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One month in, a glass half-full take on the season so far

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The 2019 Orioles haven’t been “good” by any normal definition of “good,” but they sure have been more fun to watch than expected.

MLB: Chicago White Sox at Baltimore Orioles Evan Habeeb-USA TODAY Sports

Call me a hopeless optimist, but things are going better for the 2019 Orioles than I feared coming into the season. Yep, I got it: it’s a rebuilding year. The Baltimore faithful are not to hope for playoffs, high-profile slots on Sunday Night Baseball or even moderate success against hated division rivals. Our GM describes winning this year as “not strategically relevant.” After spring training, when none of the likes of Austin Hays, Anthony Santander, Yusniel Díaz, Chance Sisco, Cody Carroll, Evan Phillips, or Tanner Scott made the 25-man roster, I’d just about written off the season. So long as we’re doomed to suck, at least they could let us watch some homegrown talent develop!

But, honestly, I can’t help it; I’ve enjoyed this season so far. Statistically speaking, the O’s aren’t exactly lighting the league on fire—they’re last in the AL East, last in most critical pitching indicators, and on pace to lose 104 games, pretty much in line with what preseason sports pundits predicted.

And yet… they’ve been a fun team to watch. The defense is actually good, and I can’t overstate how much more watchable that makes the team. The pitching staff is for the most part a disaster, but at least in a keep-you-guessing kind of way, know what I mean? My heart rate elevates a little whenever Dylan Bundy, Dan Straily, David Hess, Jimmy Yacabonis, Tanner Scott, or Mychal Givens take the mound. Don’t get me wrong; I miss the days of the shut-down O’Day/Brach/Britton bullpen, but the new guys are a lot like a box of chocolates, and finding out who is showing up to work that day is definitely not boring to watch.

The bottom of the lineup, Rio Ruiz (.238/.333./.338), Jesús Sucre (.224/.286/.259), Joey Rickard (.219/.288/.411), and Richie Martin (.17/2/.250/.224), isn’t hitting. But I swear the at-bats are getting better. In Tuesday night’s 9-1 win, Richie Martin saw something like 20 pitches in two at-bats. He grounded out in both of them, but he also laid down a tough bunt single, and watching him figure things out in real-time was a lot of fun. Río Ruiz is on an upswing, and Joey Rickard has recently looked a little bit better than a pure slap-hitter. Need I remind you, Chris Davis recently broke out of his historic 0-for-54 streak, and since April 26, his line is .360/.385/.720.

That Davis is, in some ways, the face of this team is kind of telling, and kind of important. Dwight Smith, Jr. says, “We literally look up to Chris” (well, he is 6’3”) for what Davis stands for in terms of toughing out failure. At some point in “The Streak” fans stopped booing Davis and started cheering him on: the Orioles’ $22 million first baseman went from heel to redemption story. Yes, it’s bad that Davis started the season 0-for-33, but I’ll be damned if the team’s outpouring of happiness when he got his first hit in Boston didn’t make us all smile. Yes, it’s bad that Davis had to come in to pitch the ninth inning of a 16-7 blowout, but I loved that he was willing to get out there and do it. I can no longer count on two hands the number of times I’ve heard a player describe this team as “scrappy,” but these guys wear the lovable loser mantle very well. Whatever Brandon Hyde is doing in the locker room, the team vibe has been great.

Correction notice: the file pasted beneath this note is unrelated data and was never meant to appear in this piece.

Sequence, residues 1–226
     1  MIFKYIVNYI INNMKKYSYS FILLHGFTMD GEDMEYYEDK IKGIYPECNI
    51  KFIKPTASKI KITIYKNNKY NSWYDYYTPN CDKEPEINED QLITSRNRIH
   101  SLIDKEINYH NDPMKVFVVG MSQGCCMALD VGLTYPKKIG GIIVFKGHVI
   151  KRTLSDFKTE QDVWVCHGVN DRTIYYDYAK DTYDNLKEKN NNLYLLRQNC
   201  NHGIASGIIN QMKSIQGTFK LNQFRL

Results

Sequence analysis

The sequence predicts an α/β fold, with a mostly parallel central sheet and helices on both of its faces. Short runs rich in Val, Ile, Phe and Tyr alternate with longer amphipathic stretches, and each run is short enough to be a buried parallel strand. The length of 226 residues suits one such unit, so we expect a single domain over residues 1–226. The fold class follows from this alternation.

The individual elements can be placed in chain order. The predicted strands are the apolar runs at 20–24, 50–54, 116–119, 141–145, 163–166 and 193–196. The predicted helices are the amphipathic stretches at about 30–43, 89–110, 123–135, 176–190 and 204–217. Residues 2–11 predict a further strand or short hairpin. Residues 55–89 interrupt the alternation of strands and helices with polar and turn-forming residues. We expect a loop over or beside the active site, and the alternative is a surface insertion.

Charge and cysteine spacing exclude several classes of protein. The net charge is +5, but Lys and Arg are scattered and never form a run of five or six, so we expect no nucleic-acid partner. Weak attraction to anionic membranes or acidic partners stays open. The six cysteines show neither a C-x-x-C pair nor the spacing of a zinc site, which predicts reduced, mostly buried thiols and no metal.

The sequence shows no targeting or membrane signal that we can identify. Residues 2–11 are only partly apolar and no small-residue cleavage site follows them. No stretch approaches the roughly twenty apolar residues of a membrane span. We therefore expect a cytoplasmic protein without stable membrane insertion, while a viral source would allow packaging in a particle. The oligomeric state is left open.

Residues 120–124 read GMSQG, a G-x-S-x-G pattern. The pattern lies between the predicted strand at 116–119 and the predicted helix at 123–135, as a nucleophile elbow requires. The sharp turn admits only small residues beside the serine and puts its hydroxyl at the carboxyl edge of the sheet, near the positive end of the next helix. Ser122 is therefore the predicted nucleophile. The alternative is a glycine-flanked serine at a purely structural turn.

When the O’s took the 3/28-3/31 series from the Yankees at home, NY fans complained that they were being beaten by “a AAA team.” OK, so they weren’t that far off. But seriously, from the point of view of discovering new talent, there have been some genuine bright spots. Smith, Jr., Trey Mancini, Renato Núñez, Rio Ruiz, John Means (who won again two days ago on his birthday), and Paul Fry—there are names on that list that make me think forward to a couple of seasons from now.

Mike Elias still has a lot of items to check off his wishlist. Minor league depth is thin, player development a work in progress, and the international scouting program pretty much in diapers. I expect by mid-season, we’ll have a sub-.500 record somewhat better than 2018’s 23-59 mark. The real test for the fans is going to be then, when Elias & Co. have to take this heartwarming bunch and figure out how to extract value from it.

I’m definitely not saying the O’s are going to compete this year. If Mike Elias has said one thing consistently since the offseason, it is that slow and steady wins the race. Cutting ties with Mike Wright last weekend showed Orioles faithful that this team is serious about being as competitive as they can be now. But it won’t be enough to stabilize the rotation in the short-term, and unfortunately, there aren’t signs from the farm that good arms are waiting in the wings to help. Single-A Delmarva has been a revelation this year, but if you think 19-year-old Grayson Rodríguez is getting a September callup, think again.

Still, as of today, the O’s are only 1.5 games back of third place in the AL East, a division that, save for the Rays, suddenly looks full of holes. It’s a long shot, but like they said in 1989, why not?